Whisky can’t be made without water, so this month we’re looking at the clear liquid, rather than the amber one.
Earlier this month, we came across this article in The Guardian discussing the impact of weather on water in Scotland. Anyone who’s ever spent any time in Scotland will know that drought isn’t the first thing that comes to mind when thinking about Scottish weather. But last year it had a negative impact on some distilleries, when their water sources weren’t able to support their needs.
Along with barley, water is one of the two stalwarts of whisky making, and we’re fortunate to be able to source our own water on our farm. It’s a key link in our field-to-bottle process and one of the things that makes us different from other whisky distilleries, in England, in Scotland, and actually all around the world.
We draw it up from the ground through chalk aquifiers below the farm, which sits on top of the chalky Yorkshire Wolds. The farm has never been supplied with mains water – the original source, sunk in 1937, is located in the farm’s picturesque dale and is still in use. However, since 1995 most of our water has been drawn through a less pretty, but more practical, purpose-built borehole ‘chamber’ located in the small wood behind the brewery. The water is pumped up from the ground, run through a basic filtration system (to comply with regulations), and is then directed around to both the brewery (where it is used to make the wash for the whisky) and the farmhouse. Even though the distillery isn’t situated on the farm, we still use ‘our’ water for the whole distilling process, bringing down a thousand litres from the farm to the distillery every week for production purposes.
This system has three key benefits:
Firstly it means that we aren’t reliant on either a river or reservoir, and that we only take what we use. This gives us a level of protection against climate issues that are causing the problems in Scotland. Because boreholes are dug using machinery (wells are dug by hand), they can go much further into the ground, providing extra protection against drought.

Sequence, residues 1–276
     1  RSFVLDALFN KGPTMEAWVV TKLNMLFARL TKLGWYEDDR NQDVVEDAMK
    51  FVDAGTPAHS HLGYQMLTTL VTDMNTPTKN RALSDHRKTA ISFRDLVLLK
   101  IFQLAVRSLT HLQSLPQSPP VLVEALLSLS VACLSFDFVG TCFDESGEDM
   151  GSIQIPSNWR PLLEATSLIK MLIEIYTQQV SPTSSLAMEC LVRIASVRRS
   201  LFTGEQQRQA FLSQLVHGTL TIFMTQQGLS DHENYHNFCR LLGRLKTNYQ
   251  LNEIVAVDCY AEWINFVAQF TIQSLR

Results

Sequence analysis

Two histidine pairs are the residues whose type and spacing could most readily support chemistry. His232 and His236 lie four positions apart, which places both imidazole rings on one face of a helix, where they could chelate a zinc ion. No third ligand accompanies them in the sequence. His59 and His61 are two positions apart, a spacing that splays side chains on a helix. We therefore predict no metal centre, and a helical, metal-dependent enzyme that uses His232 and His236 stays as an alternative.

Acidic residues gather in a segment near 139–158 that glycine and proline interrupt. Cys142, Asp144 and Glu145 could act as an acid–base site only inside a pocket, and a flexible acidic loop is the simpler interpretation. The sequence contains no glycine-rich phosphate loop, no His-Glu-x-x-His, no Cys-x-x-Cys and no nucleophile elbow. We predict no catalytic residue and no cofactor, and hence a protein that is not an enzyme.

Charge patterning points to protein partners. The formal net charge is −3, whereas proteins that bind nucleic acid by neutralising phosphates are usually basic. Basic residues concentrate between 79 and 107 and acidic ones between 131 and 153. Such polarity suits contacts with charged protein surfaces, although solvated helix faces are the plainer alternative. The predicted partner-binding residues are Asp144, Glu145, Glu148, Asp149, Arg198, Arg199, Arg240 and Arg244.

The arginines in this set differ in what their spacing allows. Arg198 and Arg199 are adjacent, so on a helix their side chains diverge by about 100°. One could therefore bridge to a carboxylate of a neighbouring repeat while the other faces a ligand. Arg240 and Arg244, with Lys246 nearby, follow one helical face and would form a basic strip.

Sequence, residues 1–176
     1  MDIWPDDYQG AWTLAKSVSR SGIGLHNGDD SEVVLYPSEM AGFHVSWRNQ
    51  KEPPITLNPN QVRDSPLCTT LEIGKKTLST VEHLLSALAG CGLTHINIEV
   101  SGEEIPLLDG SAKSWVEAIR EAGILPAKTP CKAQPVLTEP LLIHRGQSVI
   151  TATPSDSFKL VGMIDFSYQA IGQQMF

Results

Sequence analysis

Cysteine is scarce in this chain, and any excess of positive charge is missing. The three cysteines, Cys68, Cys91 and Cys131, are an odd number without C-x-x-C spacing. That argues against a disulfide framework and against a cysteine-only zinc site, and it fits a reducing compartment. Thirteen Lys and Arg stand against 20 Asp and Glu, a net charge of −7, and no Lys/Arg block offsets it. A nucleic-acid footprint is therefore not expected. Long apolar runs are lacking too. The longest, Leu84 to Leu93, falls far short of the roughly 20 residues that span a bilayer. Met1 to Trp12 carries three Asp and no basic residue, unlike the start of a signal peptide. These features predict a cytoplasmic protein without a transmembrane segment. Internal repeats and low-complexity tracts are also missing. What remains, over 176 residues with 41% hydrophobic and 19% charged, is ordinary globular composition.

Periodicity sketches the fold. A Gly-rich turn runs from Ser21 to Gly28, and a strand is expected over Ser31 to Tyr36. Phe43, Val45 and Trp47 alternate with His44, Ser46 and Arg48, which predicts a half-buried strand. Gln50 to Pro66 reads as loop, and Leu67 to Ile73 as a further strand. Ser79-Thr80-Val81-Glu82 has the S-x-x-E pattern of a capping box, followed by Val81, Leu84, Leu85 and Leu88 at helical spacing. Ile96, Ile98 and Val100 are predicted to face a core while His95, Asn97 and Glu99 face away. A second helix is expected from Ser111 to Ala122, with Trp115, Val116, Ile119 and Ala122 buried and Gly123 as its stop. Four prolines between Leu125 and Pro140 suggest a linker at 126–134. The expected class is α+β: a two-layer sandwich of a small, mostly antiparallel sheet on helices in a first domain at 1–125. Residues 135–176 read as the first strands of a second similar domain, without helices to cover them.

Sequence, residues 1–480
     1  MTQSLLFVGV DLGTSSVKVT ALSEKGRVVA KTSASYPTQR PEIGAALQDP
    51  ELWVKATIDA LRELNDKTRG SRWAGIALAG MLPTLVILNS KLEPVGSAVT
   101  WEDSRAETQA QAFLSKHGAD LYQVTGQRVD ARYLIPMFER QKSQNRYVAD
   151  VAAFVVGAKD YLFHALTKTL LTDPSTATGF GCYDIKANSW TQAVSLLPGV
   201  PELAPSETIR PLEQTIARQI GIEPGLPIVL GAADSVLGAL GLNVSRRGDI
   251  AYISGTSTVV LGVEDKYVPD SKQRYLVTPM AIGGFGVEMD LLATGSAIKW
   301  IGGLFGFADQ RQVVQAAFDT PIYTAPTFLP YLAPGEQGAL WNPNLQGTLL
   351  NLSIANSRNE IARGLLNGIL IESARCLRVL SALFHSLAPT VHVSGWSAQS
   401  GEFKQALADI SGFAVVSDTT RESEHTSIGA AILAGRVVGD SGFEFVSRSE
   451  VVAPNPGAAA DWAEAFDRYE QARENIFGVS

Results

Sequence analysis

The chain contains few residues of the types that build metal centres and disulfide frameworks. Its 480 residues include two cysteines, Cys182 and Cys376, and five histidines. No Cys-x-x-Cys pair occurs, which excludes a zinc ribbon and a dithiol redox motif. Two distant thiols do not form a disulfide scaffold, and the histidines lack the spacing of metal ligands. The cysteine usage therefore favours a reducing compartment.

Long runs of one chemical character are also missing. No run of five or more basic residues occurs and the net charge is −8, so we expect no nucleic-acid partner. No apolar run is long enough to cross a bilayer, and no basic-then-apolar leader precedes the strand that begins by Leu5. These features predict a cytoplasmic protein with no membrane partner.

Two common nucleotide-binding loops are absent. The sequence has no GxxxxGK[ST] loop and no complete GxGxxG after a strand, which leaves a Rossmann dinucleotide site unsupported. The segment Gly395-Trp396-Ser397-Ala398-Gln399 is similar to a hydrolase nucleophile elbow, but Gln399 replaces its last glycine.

Secondly it means that, whereas many distilleries and breweries rely on mains or river water and need to test and treat the water daily to counteract the potential anomalies and keep it consistent, we are much more in control about what goes into the water from the start.
Thirdly, and arguably the most importantly, the quality and consistency of the water is undeniably crucial to the final whisky product, being introduced to the spirit ahead of cask filling when cutting back (diluting) from still strength (for us that can be as high as 88% when we use our column) to cask strength (63.5% abv), and again later ahead of bottling to reduce the spirit to bottling strength (our minimum bottling strength 46%).
We think our water is really special and the difference is notable when you’ve been drinking the water at the farm, and then drink tap water in a town or city. Whilst we’re not convinced that the flavour of the water will hugely impact the flavour of the whisky, there’s no doubting that putting in water that is pure and untreated with chlorine or fluoride can only have a positive outcome on the quality of the whisky.